34 and a Stroke Survivor

34 and a Stroke Survivor

As he was getting ready for bed one night in October 2015, Adam DeMaioribus came down with the worst headache of his life.

The pain was so intense that it made Adam nauseous. He popped four ibuprofen tablets but threw them up.

“That ended up being a good thing,” Adam said. “Ibuprofen thins your blood, so you don’t want to take it after you’ve had a stroke. Of course, I didn’t know I was having a stroke. That would have been the last thing on my mind.”

Adam was only 34 years old and relatively healthy with no history of high blood pressure. He certainly didn’t fit the classic profile of a stroke victim.

But as the night wore on, Adam’s wife, Tina DeMaioribus, grew increasingly alarmed. Adam fell four times trying to walk to the bathroom of the couple’s south Huntsville home and didn’t have the strength to get up.

Tina wondered if he had been stricken by Bell’s Palsy, which causes temporary facial paralysis. “She could see that the entire left side of my face was starting to droop,” said Adam.

With Adam’s headache still throbbing after several hours, Tina called 911. As they waited on the ambulance, the couple’s Lab-husky mix, Sushi, walked up and began licking the right side of Adam’s head.

“She sensed something was wrong,” he said, “and was trying to fix it.”

Paramedics rushed Adam to Huntsville Hospital, where tests confirmed he had suffered a massive hemorrhagic stroke on the right side of his brain. Blood from a burst or weakened blood vessel had flooded his skull, causing swelling and extreme pressure.

A nurse asked Adam to rate his pain on a scale of 1 to 10. “I told her it was an 11,” he said.

Physicians raised the possibility of an emergency craniectomy with Tina as well as Adam’s parents, Mike and Leta DeMaioribus. That’s where surgeons remove part of the skull so a swelling brain has room to expand.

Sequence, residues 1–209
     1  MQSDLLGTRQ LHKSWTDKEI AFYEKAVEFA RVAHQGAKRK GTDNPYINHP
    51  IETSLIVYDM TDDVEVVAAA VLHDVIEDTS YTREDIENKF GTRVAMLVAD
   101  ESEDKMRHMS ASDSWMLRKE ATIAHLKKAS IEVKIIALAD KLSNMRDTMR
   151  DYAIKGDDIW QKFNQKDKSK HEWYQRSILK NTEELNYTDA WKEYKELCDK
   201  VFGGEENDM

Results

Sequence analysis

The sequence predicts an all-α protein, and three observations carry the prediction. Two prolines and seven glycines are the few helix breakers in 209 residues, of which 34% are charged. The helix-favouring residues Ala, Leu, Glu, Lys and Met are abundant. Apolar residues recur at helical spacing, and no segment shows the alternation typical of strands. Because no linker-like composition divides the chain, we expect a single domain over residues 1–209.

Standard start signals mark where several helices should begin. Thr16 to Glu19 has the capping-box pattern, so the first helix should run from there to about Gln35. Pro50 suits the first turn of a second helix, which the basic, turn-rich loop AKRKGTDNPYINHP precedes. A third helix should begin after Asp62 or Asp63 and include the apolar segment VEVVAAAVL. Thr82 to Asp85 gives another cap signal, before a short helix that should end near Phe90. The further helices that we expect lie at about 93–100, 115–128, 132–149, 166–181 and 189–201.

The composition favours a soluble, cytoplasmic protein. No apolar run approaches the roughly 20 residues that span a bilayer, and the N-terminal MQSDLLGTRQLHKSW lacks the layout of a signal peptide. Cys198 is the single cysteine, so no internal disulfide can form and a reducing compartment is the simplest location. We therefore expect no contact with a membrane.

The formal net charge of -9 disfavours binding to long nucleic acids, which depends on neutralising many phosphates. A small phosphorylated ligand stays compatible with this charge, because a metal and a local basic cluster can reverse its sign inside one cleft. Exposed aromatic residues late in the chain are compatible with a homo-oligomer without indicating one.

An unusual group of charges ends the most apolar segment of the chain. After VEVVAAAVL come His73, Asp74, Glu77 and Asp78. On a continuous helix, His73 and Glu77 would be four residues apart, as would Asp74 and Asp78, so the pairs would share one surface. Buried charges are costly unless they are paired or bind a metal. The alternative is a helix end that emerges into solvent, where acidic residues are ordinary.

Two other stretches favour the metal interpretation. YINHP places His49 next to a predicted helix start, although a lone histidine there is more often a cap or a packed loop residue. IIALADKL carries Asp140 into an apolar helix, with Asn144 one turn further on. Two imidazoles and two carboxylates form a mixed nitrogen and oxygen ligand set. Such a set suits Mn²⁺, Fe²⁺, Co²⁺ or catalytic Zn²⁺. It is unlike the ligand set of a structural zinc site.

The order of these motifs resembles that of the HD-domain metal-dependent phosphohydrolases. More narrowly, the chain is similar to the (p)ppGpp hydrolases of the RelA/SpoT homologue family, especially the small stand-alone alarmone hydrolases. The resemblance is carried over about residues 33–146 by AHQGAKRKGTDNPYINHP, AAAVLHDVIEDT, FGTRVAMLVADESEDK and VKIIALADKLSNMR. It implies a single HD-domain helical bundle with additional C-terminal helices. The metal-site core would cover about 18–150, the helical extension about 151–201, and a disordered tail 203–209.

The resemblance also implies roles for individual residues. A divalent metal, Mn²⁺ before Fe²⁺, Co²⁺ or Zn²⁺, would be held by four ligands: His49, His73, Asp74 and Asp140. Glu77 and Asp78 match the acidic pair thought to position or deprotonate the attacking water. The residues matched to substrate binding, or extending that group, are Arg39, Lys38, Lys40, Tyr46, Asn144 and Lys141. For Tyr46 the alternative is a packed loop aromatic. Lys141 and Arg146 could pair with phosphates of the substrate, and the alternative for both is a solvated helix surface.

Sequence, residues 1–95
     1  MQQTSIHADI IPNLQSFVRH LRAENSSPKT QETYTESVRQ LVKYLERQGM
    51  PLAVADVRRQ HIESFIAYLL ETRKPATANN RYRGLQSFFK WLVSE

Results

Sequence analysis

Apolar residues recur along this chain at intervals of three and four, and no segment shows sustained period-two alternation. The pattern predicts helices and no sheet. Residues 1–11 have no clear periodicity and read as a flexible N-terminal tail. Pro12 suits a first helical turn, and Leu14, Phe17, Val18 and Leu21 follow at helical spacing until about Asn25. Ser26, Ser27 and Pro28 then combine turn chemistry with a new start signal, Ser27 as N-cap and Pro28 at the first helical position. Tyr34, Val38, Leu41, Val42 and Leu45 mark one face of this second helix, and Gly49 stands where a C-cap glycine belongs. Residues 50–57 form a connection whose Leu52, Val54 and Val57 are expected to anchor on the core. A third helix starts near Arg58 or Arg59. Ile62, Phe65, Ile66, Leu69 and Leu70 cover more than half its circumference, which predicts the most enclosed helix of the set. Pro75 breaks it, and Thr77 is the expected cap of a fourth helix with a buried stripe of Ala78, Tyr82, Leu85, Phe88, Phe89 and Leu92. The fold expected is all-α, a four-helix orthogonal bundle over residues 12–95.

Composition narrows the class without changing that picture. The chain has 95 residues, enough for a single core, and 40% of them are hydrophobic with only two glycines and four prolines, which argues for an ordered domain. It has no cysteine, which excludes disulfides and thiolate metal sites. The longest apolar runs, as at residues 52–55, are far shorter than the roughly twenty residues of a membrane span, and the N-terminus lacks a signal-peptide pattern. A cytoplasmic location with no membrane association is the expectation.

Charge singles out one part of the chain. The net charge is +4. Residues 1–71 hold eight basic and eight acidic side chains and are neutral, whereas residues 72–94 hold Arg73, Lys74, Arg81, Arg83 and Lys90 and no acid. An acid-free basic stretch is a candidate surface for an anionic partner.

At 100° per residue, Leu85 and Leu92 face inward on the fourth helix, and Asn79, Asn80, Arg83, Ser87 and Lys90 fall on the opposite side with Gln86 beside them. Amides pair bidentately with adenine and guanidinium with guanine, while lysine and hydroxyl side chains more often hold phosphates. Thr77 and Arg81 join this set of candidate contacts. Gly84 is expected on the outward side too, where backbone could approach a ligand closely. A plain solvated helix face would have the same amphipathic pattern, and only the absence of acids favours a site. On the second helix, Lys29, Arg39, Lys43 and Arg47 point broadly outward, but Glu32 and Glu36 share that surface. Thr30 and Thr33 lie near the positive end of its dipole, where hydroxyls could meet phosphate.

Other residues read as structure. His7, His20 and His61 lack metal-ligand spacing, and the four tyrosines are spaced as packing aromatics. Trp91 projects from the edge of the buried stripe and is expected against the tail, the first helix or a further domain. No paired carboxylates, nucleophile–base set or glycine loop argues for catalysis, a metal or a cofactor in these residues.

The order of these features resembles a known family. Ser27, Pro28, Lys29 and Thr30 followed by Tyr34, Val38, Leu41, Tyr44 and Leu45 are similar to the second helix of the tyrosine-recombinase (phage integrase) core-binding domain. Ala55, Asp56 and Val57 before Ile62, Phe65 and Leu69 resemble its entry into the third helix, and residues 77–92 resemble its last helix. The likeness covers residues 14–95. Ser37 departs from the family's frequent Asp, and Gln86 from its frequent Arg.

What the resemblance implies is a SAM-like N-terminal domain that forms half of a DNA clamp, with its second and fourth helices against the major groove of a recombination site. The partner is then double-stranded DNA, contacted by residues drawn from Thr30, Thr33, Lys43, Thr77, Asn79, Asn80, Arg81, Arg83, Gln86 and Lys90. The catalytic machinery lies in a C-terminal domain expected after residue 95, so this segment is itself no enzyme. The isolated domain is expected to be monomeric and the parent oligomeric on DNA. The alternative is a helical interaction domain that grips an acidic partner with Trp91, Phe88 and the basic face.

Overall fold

“They said it was the biggest brain bleed they’d ever dealt with,” said Adam.

Fortunately, Adam’s brain began to slowly re-absorb the pooled blood. As the pressure inside his skull subsided, emergency surgery became unnecessary. Still, Adam had lost control of the left side of his body and faced a daunting recovery.

He spent about three weeks in Huntsville Hospital’s Neuro Intensive Care and Neuro Progressive Care units under the supervision of neurosurgeon Cheng Tao, MD, and hospitalist Daniel Wade Fox, MD. He was then transferred to HealthSouth Rehab Hospital, also located on the hospital campus.

Adam finished inpatient physical rehab in late December and is now almost fully recovered. “The physical has come back pretty much 100 percent, and my cognitive function is 100 percent,” he said. “My MRIs are now showing a normal, healthy brain.”

Adam isn’t taking his good fortune for granted. He knows the statistics: Anyone who has had a stroke faces an elevated risk of additional strokes.

To improve his odds of staying healthy, Adam has greatly reduced his consumption of red meat and stopped drinking alcohol. He’s also eating more fish for the Omega-3 fatty acids, which have been linked to improved brain function.

Tina is amazed by Adam’s recovery. His condition on the night of the stroke was so dire that doctors feared he might not survive the night.

“They were just trying to be real with me, but I told them, ‘My husband will walk out of here,’” said Tina. “And when we left HealthSouth about six weeks later, Adam walked over to the Neuro Unit. The nurses started crying when they saw him come in under his own power.

“It’s really a miracle.”